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‘X’ brings dark hilarity on ride of crazed desire

Slasher horror revels in genre tropes with beautifully shot, well-paced delivery

<p>The cast and crew of fictional adult film “The Farmer’s Daughters” unwittingly stumble on a horror film set where they themselves become the main characters. </p><p>Courtesy of Christopher Moss/A24</p>

The cast and crew of fictional adult film “The Farmer’s Daughters” unwittingly stumble on a horror film set where they themselves become the main characters. 

Courtesy of Christopher Moss/A24

Elderly people get a bad rep in horror flicks. Wrinkles are enhanced through color contrast, bodies become intensely stooped, crooked malformations and wisened figures grow impossibly intimidating and grotesque as they stand afar in the frame and ominously stare or wave. 

In A24’s newest slasher horror “X,” Director Ti West gives the trope of a snarly, cannibalistic, white-shift-wearing old lady — which has been featured in films such as “Paranormal Activity,” “Legion,” “It Follows” and “The Visit” — a new spin. It will do well to not spoil the film, but what can be said is that the almost primal urge for sex is added to the amalgam of fear-inspiring elements. 

The film is set in rural Texas in 1979: Preachers rail against sexual deviance with marked vehemence, cows wander onto the roads to be smashed by vehicles into gory smithereens and the county sheriff contemplates whether retirement benefits are worth his while in the face of confounding, grisly crimes. 

A ragtag entourage led by adult film producer Wayne (Martin Henderson) and comprised of his girlfriend Maxine (Mia Goth), stripper Bobby-Lynne (Brittany Snow), Bobby-Lynne’s boyfriend Jackson (Scott Mescudi, better known as Kid Cudi) and production crew members RJ (Owen Campbell) and Lorraine (Jenna Ortega) have rented a derelict bunkhouse for a day to shoot “The Farmer’s Daughters,” the eponymous “X”-rated film. 


In the equally dilapidated main house one field away lives the aged, childless couple that owns the filming location — an old man named Howard (Stephen Ure) and his sinister-looking wife Pearl. 

Despite the foreboding atmosphere and ominous-looking homeowners, the cast and crew begin filming, with RJ insisting on making the porno “avant-garde,” a meta-comment on West’s career in independent filmmaking.

Bathed in the lazy afternoon sun, the filming commences, and “X” gives an unabashed display of sex and skin as well as sleazy entertainment with a dash of self-referential wit. Voyeurs appear both on and off screen, as filmgoers witness the unbridled sex, nudity and explicit pleasure more often reserved for private spaces.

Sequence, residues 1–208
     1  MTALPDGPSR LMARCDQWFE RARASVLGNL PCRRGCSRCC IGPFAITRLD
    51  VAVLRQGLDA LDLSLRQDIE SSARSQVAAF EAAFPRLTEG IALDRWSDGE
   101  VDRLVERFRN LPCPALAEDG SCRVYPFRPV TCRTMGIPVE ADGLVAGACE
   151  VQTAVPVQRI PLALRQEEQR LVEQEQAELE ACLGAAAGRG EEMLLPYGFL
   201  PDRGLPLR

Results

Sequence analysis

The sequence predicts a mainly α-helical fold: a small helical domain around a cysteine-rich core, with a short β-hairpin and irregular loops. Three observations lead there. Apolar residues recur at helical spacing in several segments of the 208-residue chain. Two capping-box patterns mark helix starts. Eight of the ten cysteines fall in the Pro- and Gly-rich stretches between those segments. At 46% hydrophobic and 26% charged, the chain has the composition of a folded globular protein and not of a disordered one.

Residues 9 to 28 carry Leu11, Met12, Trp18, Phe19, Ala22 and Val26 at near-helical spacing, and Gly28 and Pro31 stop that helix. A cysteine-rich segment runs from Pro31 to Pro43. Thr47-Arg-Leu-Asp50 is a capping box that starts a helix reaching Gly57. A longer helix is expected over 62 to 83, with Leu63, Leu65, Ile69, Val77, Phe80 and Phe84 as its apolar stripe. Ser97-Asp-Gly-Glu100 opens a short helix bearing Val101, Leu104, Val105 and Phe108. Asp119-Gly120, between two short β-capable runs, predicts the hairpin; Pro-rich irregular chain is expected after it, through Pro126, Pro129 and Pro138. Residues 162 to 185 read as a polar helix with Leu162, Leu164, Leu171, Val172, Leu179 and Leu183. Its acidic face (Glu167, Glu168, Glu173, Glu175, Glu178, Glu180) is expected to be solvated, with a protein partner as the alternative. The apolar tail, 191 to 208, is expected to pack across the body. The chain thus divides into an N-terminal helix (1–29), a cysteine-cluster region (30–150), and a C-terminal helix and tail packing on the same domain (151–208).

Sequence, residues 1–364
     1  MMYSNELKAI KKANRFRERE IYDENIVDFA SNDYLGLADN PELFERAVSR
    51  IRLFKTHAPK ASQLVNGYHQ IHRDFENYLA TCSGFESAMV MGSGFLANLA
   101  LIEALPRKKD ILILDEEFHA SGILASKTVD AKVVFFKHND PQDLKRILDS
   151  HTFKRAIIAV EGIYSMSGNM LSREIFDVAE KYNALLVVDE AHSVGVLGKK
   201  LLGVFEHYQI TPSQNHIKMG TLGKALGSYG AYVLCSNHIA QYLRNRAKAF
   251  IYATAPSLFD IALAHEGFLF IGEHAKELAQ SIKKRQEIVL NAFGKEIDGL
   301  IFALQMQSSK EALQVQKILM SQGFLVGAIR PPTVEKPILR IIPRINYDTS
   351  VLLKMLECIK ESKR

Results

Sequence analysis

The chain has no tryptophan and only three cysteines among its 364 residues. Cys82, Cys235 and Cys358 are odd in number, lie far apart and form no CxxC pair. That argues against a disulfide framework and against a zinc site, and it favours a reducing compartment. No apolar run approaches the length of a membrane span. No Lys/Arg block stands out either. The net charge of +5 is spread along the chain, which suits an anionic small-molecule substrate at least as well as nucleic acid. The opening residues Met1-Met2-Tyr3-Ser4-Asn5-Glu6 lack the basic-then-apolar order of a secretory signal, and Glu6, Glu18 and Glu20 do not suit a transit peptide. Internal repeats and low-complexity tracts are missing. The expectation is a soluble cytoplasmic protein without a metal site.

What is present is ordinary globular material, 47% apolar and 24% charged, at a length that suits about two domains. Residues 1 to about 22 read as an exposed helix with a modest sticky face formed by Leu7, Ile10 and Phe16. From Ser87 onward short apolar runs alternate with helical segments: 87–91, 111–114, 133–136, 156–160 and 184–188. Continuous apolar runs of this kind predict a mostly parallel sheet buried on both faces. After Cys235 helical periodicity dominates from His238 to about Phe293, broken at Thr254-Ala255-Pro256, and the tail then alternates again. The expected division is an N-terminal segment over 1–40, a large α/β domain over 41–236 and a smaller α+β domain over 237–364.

This is also where the film shines in its deliciously dark originality. Trashy outtakes of the adult film are spliced with a suspenseful interplay between predator and prey. Overhead shots of the adult film cast and crew show them at their utmost vulnerability, innocent from the knowledge of their impending doom despite the seemingly corrupt, amoral premise. 

But West doesn’t deny the promised wicked fun. Soon, things start to go horribly awry. Allusions to the horror film’s predecessors — “Psycho,” “Jaws,” “The Shining,” “Texas Chainsaw Massacre” — are stylishly dished out. And people begin to die, in the most fantastically hilarious ways: shotgun backblast, car driving over someone’s head and, of course, a dip in crocodile-infested waters. The sinister villainess behind all of this? You guessed it, a senior renegade tired of condescending young’uns.

In all seriousness, the film’s epic hilarity is a bold confrontation of the visceral fear of aging, of physical incompetence not just in one’s performance in bed but also in the daily activities in life, such as doing the dishes after a home-cooked meal (to mark this point, the camera pans slowly across Howard and Pearl’s decrepit kitchen cluttered with unwashed utensils). It’s also a fear inspired by how younger generations treat the elderly differently — sometimes with deference, but more often with contemptuous disdain.  

The female body bears the brunt of the process of aging in the film — the viewers see both the 20-year-old glitzy beauty and the neglected shriveled 70-year-old. The film operates almost interrogatively, challenging the audience with visual inquiries on this apparent dichotomy. A topless Mia Goth gives viewers a sensual cinematic experience, as they find themselves mesmerized by the flawless skin, alluring gaze and parted lips. But when the elderly Pearl clad in a parted shift inches invitingly toward her long-time partner, Howard, the audience cringes involuntarily. 

In the modern era of cinema, moviegoers have generally internalized the male gaze on the female object, especially in a horror with a porno setting. So, when the desirable female body is turned on its head, sex is no longer an enjoyable watch — it’s revolting. In the screening attended by this reviewer, some audience members walked out at a quite literal climactic moment between Howard and Pearl. 

Sometimes it feels that the female body is designated for deterioration, a tragic arc from glamorous to repulsive. West is well aware of this, and the startling shift between sexually active youths and the elderly in the film is intended to give audiences whiplash. But it’s also purposed to interrogate the viewer through one’s reactions: What does growing old mean? What can desire become when you’re old? How can we make sense of our hyper-anxieties against aging? And finally, do we still deserve to feel loved and desired in our twilight years? 

“X” doesn’t take itself too seriously. It is, after all, a slasher set in hardcore pornography. Yet the questions presented by West are worth mulling over.


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